Dopesmoker’s methodical slowness requires patience – chemically induced or otherwise – to be fully absorbed. You could fit five or six Black Flag songs in the time Sleep takes to develop one riff into another – the first riff alone is played unaccompanied for two-and-a-half minutes before crescendoing drums call the trio to begin in earnest. It’s a good eight minutes before the first vocal line is belted by Cisneros and, across the entire LP, musical ideas are built upon with all the urgency of continental drift.

The riffs themselves are textural rather than technical, mostly consisting of explorations of the minor pentatonic scale through the medium of very loud powerchords. Underneath the sustaining slabs of guitar, Cisneros’s bass pulses onwards and Hakius’s restrained drumming outlines hypnotic, head-nodding grooves. As much as that also describes music made by Iommi, Butler and Ward, Sleep don’t just tread the same ground Sabbath did in the 1970s. Instead they turn over the well-trodden soil, plant new seeds and flick on some rather powerful grow lights.

Textural riffs are bolstered by textural guitar and bass tones. The Orange and Matamp heads used by Cisneros and Pike have a throaty midrange and a fuzzy, unrefined distortion character; there’s nothing remotely sharp about the sound, no scooped mids or tight palm-muted chugs. Thanks in part to the lower tuning, which reaches down to C standard, you can hear Pike’s pick crunching across the powerchords, the strings responding with a lazy springiness rather than a taught snap.

The occasional guitar solos also present an interesting production choice – given how many layers of tracks the band used to build the all-encompassing rhythm sound, they could have easily slid more guitars underneath Pike’s lead playing. Instead, when the time comes for some soloing, the extra tracks are often used to double-up the solos instead, with Cisneros’s busy, midrange-heavy bass tracks more than enough to fill out the sound.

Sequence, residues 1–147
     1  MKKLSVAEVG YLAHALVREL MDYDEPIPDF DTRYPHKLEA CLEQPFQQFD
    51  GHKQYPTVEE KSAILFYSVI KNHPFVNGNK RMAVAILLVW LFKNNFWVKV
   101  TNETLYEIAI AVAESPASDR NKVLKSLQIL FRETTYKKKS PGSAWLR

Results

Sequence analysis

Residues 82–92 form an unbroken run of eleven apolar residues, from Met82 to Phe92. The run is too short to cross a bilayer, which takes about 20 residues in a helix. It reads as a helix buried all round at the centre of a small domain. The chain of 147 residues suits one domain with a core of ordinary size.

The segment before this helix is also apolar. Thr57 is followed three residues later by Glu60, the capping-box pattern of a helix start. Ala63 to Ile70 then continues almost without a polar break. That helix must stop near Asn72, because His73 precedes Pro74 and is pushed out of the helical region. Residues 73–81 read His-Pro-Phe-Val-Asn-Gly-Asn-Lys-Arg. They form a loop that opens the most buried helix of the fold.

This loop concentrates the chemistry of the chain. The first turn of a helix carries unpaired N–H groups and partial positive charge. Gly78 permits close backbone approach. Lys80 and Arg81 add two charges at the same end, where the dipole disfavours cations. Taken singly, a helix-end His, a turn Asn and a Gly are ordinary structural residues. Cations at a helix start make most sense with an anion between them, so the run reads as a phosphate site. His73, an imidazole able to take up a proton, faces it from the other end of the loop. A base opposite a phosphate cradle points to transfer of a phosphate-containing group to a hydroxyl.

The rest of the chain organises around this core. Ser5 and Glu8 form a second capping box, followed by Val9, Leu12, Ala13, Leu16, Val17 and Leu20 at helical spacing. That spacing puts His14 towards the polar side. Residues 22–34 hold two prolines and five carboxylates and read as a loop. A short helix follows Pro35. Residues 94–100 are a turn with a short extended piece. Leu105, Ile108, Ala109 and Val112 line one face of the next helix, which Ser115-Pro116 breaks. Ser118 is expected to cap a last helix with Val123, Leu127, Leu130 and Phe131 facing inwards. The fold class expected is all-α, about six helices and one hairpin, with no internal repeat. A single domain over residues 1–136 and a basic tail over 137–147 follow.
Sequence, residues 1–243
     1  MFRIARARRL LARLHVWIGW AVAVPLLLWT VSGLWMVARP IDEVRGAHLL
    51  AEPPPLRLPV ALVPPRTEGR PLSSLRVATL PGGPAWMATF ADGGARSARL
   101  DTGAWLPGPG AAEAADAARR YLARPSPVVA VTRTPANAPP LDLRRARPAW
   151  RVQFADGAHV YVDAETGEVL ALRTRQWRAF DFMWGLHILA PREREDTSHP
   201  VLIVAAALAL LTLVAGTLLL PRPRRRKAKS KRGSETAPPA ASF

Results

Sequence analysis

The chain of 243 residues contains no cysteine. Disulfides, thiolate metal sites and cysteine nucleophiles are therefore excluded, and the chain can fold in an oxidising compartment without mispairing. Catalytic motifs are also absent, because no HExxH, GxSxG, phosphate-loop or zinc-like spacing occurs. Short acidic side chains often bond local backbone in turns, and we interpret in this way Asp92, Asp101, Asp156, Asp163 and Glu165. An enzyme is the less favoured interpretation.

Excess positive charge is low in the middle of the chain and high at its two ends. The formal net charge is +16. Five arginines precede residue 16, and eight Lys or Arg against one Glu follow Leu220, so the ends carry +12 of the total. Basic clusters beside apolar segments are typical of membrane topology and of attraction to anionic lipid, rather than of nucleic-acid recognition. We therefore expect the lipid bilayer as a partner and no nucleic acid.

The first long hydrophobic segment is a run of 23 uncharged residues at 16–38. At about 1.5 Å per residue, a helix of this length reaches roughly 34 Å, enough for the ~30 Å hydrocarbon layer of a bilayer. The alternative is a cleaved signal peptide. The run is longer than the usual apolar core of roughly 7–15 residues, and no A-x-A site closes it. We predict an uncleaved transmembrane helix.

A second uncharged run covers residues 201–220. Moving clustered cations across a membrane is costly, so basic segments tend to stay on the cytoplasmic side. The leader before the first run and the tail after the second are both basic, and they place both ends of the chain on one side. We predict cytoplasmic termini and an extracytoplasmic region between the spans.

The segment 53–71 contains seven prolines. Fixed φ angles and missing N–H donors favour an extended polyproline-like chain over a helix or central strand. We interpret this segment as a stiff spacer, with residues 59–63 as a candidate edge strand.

Matt Pike of Sleep
Matt Pike of Sleep. Image: Scott Legato / Getty Images

Praise and (Sabbath) worship music

In case the above didn’t make it clear enough, Sleep love Black Sabbath. But Dopesmoker is a far cry from more recent, derivative Sabbath-worshipping doom bands. They would come later, inspired in part by Sleep and their misanthropic counterparts Electric Wizard. On Dopesmoker, Sleep elevate Sabbath to the same pseudo-religious status as they do marijuana. The sheer length of Dopesmoker makes it a ritual as much as an album, with every aspect of the full-bore sound yet another offering at the altars of amplifiers, drugs and the minor pentatonic scale.

There’s a practical ritual aspect for you the listener too. Dopesmoker asks you to clear an hour, turn off your phone and turn up your speakers – no small request in 2022, with more instantly available music and content than ever competing for your attention.

Whether you’re celebrating 4/20 or not, Dopesmoker is a worthy affront to the easily-tabbed-away-from ‘relaxing’ music favoured by the algorithms of Spotify and YouTube. The sonic palette of metal allows for minimalist composition with maximalist execution – something meditative but unignorable, letting you shift focus from an outside world that wants you to do anything but that. It’s the audio equivalent of staring at a six-foot-tall abstract painting or a brutalist cathedral: not much is happening but it’s happening a lot.

Al Cisneros of Sleep
Al Cisneros of Sleep. Image: Daneil Boczarski / Redferns


Sleep, Dopesmoker (Southern Lord, 2012)


  • Al Cisneros – vocals, bass
  • Matt Pike – guitar
  • Chris Hakius – drums